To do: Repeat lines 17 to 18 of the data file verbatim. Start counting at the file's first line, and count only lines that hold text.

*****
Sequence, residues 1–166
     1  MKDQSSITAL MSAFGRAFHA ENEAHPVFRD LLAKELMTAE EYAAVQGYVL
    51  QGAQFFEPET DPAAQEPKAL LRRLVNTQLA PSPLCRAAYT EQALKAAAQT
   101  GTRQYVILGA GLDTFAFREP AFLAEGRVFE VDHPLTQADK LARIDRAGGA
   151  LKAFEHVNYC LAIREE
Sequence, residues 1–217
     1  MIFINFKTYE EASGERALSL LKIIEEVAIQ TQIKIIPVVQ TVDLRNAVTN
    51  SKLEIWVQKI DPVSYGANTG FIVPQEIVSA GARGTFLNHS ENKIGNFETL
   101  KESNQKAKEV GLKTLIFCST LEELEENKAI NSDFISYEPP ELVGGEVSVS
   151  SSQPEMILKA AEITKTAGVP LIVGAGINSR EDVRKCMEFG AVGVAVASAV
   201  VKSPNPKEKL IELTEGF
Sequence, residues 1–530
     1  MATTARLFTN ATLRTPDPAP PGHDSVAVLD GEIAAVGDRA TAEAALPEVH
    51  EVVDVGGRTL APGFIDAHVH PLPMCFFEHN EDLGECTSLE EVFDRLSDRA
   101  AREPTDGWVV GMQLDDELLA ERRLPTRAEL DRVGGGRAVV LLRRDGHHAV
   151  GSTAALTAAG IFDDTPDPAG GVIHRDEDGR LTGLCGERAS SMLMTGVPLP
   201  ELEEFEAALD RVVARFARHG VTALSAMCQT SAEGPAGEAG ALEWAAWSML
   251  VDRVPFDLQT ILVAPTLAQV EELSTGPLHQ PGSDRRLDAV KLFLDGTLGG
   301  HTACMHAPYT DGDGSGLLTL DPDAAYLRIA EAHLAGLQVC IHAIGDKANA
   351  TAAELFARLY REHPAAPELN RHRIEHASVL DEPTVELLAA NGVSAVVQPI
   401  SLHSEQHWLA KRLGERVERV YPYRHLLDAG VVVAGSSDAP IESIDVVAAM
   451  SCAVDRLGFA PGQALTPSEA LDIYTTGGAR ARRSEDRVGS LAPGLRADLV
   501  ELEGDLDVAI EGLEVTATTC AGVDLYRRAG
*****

   201  ELEEFEAALD RVVARFARHG VTALSAMCQT SAEGPAGEAG ALEWAAWSML
   251  VDRVPFDLQT ILVAPTLAQV EELSTGPLHQ PGSDRRLDAV KLFLDGTLGG